Your MS diagnosis is an important piece of your health, but it’s not the whole picture. Though you may put a lot of attention on your MS management, you can’t forget about prevention and early detection of other conditions. In addition to healthy habits like exercise, eating well, and watching your stress levels, it’s important to get regular health screenings. These tests check for -- and in many cases help prevent -- a number of diseases.

Work these screenings into your checkup schedule:

Breast exam. Your doctor will do this exam with their hands at your regular checkups. You should also do your own breast checks at home once a month. By looking at your breasts in a mirror and feeling them regularly, you’ll know what’s normal for you. This will help you notice changes more easily. Pick a day of the month -- soon after your period ends is a good time for a feel -- and stick to a schedule.

Mammogram. Once you hit 40, doctors recommend you have yearly mammograms to help detect breast cancer, the most common cancer diagnosis and the second leading cause of cancer death in U.S. women.

A mammogram is an X-ray of your breasts. The picture can show tumors you can’t feel with your hands and that could be cancerous. Regular mammograms reduce your risk of dying from breast cancer if you get it.   

Pap test. This test checks for signs of cervical cancer. Your doctor collects cells from your cervix and sends them to a lab to see if any are abnormal. If you’re over 30, your doctor can do an HPV test at the same time as your Pap. This test also looks at cells from your cervix, but it doesn’t detect cancer. It checks for the human papillomavirus, which can cause cervical cancer.

Doctors suggest starting Pap tests at age 21. From them on, you should get one every 3 years. If you’re over 30 and get an HPV test along with your Pap test, you can go 5 years between screenings. Your doctor may recommend more frequent Pap or HPV tests if you have certain risk factors.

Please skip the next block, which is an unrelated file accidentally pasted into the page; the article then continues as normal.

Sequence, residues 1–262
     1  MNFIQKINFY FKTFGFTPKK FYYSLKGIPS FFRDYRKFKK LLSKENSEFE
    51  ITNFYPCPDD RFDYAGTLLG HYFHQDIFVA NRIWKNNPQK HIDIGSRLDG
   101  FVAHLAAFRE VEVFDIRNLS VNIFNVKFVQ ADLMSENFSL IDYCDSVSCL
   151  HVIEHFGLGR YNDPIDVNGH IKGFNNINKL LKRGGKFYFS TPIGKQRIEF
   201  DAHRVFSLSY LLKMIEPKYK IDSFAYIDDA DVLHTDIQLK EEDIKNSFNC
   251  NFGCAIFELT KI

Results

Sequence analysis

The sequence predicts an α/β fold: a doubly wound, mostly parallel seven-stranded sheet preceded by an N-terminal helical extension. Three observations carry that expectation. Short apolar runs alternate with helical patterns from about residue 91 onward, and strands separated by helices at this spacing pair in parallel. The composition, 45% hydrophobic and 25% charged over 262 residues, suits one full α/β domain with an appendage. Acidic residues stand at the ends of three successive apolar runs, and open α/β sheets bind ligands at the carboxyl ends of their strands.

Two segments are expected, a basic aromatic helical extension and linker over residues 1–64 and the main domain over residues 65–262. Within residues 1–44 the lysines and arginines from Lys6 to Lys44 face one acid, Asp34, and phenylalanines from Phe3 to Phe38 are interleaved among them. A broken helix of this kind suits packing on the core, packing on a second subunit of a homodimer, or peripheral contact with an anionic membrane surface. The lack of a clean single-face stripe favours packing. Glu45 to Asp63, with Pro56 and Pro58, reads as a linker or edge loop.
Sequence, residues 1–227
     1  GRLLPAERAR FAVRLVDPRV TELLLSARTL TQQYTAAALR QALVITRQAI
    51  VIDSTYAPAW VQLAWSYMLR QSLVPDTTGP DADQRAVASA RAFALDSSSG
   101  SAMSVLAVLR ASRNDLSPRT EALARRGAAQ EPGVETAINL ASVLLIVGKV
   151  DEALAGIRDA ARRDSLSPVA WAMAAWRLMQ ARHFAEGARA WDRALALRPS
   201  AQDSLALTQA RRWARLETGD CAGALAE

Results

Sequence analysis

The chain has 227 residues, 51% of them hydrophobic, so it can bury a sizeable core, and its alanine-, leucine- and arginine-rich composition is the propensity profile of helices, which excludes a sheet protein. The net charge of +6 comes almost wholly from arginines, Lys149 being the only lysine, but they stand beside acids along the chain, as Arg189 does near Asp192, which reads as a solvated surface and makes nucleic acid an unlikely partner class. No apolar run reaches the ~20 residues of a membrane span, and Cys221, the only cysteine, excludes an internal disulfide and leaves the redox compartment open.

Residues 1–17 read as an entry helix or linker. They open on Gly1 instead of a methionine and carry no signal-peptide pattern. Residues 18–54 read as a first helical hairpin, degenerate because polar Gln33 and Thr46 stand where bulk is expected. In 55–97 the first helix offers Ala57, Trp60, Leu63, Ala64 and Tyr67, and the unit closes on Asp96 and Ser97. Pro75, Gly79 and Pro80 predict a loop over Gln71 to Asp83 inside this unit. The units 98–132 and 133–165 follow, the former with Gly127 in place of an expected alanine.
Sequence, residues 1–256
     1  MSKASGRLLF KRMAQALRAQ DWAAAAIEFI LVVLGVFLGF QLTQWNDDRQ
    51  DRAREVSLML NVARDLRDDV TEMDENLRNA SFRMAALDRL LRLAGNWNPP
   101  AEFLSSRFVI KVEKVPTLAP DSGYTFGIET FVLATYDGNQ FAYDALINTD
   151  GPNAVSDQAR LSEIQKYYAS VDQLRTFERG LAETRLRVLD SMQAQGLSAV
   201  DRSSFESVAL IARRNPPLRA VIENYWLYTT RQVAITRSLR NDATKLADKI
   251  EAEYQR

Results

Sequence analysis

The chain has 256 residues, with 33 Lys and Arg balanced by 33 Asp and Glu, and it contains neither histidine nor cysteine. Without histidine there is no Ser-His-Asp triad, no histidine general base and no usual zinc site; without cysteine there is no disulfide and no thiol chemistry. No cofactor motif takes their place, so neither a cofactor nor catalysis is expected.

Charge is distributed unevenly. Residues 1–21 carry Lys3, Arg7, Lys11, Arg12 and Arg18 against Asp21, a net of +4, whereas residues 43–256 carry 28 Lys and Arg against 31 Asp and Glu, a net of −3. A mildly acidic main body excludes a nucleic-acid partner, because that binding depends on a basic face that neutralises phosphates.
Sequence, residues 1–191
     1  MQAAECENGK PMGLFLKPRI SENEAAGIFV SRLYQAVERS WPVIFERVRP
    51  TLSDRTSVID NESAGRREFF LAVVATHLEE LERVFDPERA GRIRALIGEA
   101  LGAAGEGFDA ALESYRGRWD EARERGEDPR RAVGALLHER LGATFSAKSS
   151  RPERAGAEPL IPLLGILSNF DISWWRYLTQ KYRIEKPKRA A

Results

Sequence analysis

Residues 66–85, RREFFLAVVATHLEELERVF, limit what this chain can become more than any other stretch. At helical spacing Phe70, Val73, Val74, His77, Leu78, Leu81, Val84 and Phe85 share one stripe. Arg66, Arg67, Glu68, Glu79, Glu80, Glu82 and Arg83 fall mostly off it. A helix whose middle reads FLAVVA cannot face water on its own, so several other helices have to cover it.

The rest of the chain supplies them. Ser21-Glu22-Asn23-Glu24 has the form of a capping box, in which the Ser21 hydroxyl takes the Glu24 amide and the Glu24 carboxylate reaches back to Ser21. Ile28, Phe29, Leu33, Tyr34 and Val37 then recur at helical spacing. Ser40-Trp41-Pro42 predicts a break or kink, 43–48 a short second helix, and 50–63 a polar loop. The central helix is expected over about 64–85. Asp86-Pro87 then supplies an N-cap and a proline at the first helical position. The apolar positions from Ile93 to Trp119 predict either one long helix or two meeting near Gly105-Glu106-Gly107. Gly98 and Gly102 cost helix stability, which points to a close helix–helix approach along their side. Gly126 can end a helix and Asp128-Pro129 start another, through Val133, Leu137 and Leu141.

Bone density scan. All women 65 years old or older should have this test to check for signs of osteoporosis, a condition that makes your bones brittle and weak. Osteoporosis is more common in women and especially women with MS. You may need this scan earlier in life if you’ve gone through menopause and have other risk factors, such as rheumatoid arthritis, smoking, alcoholism, weight under 127 pounds, or a history of hip fractures.

To scan your bones, your doctor uses a test called DEXA (dual-energy X-ray absorptiometry). You lie down for about 10 minutes while a machine takes X-rays of your bones. If the results from your first scan are normal, you won’t need another DEXA scan for 15 years.

Colonoscopy. The American Cancer Society recommends people with average risk for colon cancer start getting colonoscopies at age 45. A colonoscopy detects abnormalities such as polyps in your large intestine (colon) and rectum.

The procedure is more involved than a regular doctor’s visit. You have to follow a special diet the day before and take a laxative to clean out your colon. If your results are normal, you’ll only need the procedure every 10 years.

Blood pressure screening. When you have MS, you’re more likely to have high blood pressure (hypertension). High blood pressure increases your risk for heart disease, diabetes, a heart attack, or a stroke. A yearly blood pressure check helps your doctor keep tabs on your risk for these conditions.

Cholesterol screening. Your body needs cholesterol to work properly. But too much of it can build up in your arteries and put you at risk for a heart attack or a stroke. Starting at age 20, you should have blood tests to check your cholesterol. How often your doctor repeats that test will depend on your risk factors. After a normal cholesterol reading, you can usually wait 5 years before your next one.

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SOURCES:

Cleveland Clinic: “Breast Self-Exam.”

American College of Obstetricians and Gynecologists: “Breast Cancer Risk Assessment and Screening in Average-Risk Women,” “Osteoporosis.”

National Cancer Institute: “Mammograms.”

Mayo Clinic: “Pap smear,” “HPV test,” “Colonoscopy.”

National Multiple Sclerosis Society: “Osteoporosis.”

American Cancer Society: “When Should You Start Getting Screened for Colorectal Cancer?”

University Hospitals: “11 Health Screening Tests Every Woman Should Have.”

CDC: “When and How to Have Your Cholesterol Checked.”